Reissued in the terrific new cover style KINGDOM OF SHADOWS has already sold almost 25,000 copies in paperback A top-notch novel from an exceptionally talented writer Alan Furst receives exceptional reviews: 'Furst's ability to recreate the terrors of espionage is matchless' Robert Harris 'In my estimation KINGDOM OF SHADOWS is a masterpiece. Furst is here writing at the height of his powers, confident of his style, tone and content' Irish Times 'Alan Furst has produced an espionage thriller which is haunting, elegiac and seductive. It is suffused with forlorn hopes, risktaking and heartbreak. It wanted it to go on and on... A masterwork' Literary Review 'Furst's atmospheric recreations of prewar Paris, Budapest and the Carpathians induce laments for fallen grandeurs and reveries for forgotten beauties' Observer 'It is Furst's detailed grasp of history, in particular the murky Hungarian politics of the Thirties, which gives this novel its distinction' Sunday Telegraph 'Furst's exceptionally good thriller...This novel is as good as a John le Carre, but with a richer ambience of "old" Europe' Sunday Times
Alan Furst has lived for long periods in France, especially in Paris, and has travelled as a journalist in Eastern Europe and Russia. He has written extensively for Esquire and the International Herald Tribune.
Furst has earned deserved acclaim for his lapidary espionage novels (The World at Night, Red Gold), set just before World War II. His noir heroes navigate a world of betrayed promises and lost friends, seeking to derail Nazi lackeys and only half believing in their own chance of success or survival. A welcome addition to Furst's opus, Kingdom is all mood and nuance, set in a drowning world of moral entropy: "They have created a cheap, soiled, empty world, and now wehave the pleasure of living in it," says one character. The protagonist, Nicholas Morath, is dragged into futile delaying actions in Eastern Europe and France, while Hitler's minions gobble up countries without resistance. "You're not a virgin," exclaims his uncle. "Youhave to get your hands dirty whether you like the idea or not. Try and forgive the world for being what it is." An exceptional piece of writing, with engaging characters and moments of sharp, unexpected violence, this is recommended for all public libraries. [Previewed in Prepub Alert, LJ 9/1/00.]DDavid Keymer, California State Univ., Stanislaus Copyright 2000 Cahners Business Information.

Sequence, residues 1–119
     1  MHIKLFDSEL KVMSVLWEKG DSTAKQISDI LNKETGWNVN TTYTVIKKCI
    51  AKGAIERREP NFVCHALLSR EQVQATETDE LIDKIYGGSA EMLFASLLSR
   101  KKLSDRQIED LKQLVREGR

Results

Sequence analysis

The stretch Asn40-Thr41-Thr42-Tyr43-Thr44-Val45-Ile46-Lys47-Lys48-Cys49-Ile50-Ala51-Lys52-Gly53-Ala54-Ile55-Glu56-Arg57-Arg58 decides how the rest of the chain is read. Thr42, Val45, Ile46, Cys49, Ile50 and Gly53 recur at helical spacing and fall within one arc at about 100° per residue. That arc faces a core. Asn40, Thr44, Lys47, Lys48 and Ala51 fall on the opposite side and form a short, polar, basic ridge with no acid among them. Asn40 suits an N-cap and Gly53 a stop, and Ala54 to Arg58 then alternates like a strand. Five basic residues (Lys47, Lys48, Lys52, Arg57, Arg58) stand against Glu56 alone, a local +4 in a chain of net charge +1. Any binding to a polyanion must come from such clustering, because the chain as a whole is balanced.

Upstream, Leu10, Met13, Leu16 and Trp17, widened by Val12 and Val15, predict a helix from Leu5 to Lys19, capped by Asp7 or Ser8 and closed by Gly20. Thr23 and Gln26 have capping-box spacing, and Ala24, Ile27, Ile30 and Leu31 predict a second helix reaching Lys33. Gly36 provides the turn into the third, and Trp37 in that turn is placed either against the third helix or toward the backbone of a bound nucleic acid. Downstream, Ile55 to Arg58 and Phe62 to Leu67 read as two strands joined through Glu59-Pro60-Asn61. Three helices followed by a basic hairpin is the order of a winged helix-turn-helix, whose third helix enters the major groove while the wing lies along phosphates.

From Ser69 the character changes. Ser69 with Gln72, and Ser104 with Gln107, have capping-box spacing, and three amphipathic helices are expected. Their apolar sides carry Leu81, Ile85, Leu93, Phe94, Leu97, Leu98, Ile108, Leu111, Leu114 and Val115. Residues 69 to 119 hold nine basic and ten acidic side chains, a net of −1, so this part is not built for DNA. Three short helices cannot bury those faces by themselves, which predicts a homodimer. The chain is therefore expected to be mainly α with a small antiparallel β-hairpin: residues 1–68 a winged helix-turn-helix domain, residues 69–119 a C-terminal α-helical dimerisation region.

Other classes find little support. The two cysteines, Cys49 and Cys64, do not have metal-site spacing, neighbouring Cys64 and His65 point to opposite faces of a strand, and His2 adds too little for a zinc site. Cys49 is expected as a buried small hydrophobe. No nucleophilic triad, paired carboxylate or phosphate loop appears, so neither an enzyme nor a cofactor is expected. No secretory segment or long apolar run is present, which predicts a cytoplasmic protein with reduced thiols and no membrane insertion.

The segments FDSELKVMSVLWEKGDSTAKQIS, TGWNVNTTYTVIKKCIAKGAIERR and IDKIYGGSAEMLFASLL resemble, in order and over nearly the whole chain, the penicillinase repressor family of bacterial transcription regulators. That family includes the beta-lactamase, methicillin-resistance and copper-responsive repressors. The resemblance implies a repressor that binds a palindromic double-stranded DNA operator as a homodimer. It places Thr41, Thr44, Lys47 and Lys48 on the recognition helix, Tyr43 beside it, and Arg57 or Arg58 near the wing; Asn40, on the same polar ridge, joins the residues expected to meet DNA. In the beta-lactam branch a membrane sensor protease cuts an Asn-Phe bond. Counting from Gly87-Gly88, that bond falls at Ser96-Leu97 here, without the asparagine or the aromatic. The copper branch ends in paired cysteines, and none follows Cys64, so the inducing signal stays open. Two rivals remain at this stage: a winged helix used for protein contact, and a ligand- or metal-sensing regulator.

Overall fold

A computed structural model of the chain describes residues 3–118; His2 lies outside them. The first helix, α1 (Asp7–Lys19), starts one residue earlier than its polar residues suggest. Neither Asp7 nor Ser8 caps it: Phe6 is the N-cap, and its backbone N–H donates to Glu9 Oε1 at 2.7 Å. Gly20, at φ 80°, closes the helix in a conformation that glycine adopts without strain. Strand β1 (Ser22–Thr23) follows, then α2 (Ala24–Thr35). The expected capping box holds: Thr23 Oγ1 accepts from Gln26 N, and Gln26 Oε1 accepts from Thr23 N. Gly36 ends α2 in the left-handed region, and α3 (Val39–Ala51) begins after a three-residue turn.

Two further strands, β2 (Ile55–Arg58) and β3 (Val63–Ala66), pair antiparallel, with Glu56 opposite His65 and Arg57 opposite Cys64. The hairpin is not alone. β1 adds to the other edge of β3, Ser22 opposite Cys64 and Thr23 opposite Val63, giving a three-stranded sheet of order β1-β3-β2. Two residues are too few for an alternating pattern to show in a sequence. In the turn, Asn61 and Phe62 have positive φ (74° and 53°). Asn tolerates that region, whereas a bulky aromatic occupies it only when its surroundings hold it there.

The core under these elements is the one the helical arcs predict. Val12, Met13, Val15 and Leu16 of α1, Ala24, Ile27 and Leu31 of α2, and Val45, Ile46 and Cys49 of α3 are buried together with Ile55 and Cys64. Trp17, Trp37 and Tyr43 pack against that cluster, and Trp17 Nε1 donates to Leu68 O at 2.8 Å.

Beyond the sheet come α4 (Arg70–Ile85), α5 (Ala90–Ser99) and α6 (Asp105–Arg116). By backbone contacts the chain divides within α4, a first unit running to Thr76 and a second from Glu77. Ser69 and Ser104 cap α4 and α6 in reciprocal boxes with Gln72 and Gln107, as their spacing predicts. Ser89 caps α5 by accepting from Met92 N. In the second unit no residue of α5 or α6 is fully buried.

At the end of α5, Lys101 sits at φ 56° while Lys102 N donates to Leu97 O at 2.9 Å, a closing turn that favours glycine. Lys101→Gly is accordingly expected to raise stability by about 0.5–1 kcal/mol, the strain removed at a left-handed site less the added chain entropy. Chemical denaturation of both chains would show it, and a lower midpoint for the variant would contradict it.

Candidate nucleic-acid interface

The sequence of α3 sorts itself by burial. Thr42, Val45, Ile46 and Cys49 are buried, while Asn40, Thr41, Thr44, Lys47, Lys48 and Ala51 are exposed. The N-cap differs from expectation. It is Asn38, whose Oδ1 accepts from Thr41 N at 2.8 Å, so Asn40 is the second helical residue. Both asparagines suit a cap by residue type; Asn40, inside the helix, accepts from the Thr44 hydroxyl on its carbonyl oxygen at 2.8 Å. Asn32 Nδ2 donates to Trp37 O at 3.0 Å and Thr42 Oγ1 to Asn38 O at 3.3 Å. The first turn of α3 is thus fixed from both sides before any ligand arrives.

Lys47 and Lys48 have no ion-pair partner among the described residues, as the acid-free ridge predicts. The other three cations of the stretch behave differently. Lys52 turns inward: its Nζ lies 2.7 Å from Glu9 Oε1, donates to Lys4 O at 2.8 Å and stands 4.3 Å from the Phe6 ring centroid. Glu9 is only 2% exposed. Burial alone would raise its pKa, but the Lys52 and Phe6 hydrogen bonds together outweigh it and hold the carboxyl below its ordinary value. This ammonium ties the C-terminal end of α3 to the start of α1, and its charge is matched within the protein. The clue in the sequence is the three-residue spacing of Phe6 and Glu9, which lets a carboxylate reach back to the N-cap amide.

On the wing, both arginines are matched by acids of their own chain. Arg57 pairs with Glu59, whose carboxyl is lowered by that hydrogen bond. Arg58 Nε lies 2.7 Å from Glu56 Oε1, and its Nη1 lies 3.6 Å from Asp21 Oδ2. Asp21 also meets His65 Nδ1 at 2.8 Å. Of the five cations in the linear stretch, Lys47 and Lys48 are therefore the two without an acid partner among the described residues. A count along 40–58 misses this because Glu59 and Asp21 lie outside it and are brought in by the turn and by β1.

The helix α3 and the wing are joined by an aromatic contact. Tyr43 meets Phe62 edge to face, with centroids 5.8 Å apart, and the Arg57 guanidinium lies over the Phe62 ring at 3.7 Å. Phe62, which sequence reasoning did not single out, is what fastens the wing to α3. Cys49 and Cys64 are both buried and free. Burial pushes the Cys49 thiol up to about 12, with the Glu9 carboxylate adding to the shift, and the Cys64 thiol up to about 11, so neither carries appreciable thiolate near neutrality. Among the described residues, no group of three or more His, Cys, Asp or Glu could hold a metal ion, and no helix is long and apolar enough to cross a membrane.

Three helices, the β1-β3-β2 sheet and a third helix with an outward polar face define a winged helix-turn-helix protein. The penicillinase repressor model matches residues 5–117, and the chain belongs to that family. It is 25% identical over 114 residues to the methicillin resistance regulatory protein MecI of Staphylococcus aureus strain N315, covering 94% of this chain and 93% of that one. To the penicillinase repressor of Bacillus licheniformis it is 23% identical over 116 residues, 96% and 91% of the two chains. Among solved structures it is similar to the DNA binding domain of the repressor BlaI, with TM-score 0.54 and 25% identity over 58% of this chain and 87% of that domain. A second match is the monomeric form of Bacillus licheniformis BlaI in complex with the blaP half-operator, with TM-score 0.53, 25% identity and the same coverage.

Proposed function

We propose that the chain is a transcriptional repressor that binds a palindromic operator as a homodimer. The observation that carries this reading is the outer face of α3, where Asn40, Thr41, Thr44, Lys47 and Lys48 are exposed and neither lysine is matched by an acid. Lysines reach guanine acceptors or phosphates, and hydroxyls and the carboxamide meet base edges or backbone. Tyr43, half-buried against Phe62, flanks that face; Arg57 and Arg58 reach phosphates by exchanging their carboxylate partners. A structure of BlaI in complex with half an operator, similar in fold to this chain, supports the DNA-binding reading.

The desperation of "stateless" people trying to escape the Nazi redrawing of the European map in the late 1930s pervades Furst's (Night Soldiers; Red Gold, etc.) marvelous sixth espionage thriller. On a rainy night in 1938, the train from Budapest pulls into Paris bearing Nicholas Morath, a playboy Hungarian expatriate and sometime spy for his uncle, a wealthy Hungarian diplomat based in the French capital. Morath, a veteran hero of the Great War and a Parisian for many years, now finds himself forced to rely on former enemies to try to rescue Eastern European fugitives displaced by Hitler's aggression. His eclectic circle includes a Russian gangster, a pair of destitute but affable near-tramps, and a smooth-talking SS officer. Smuggling forged passports, military intelligence documents and cash through imminent war zones, Morath time and again returns in thankless triumph to the glittering salons of Paris. Furst expertly weaves Morath's apparently unconnected assignments into the web of a crucial 11th-hour international conspiracy to topple Hitler before all-out war engulfs Europe again, counterbalancing scenes of fascist-inspired chaos with the sounds, smells and anxieties of a world dancing on the edge of apocalypse. The novel is more than just a cloak-and-dagger thrill ride; it is a time machine, transporting readers directly into the dread period just before Europe plunged into its great Wagnerian gtterdmmerung. This is Furst's best book since The Polish Officer, and in it he proves himself once again a master of literary espionage. (Jan. 19) Copyright 2000 Cahners Business Information.
'Alan Furst's spy fiction is serious, even solemn: a good but never light read.' - Literary Review.'Furst's tales...are infused with the melancholy romanticism of CASABLANCA, and also a touch of Arthur Koestler's Darkness at Noon.' - Scotsman'Throughout, the author's delight in the process of espionage shines through.' - TLS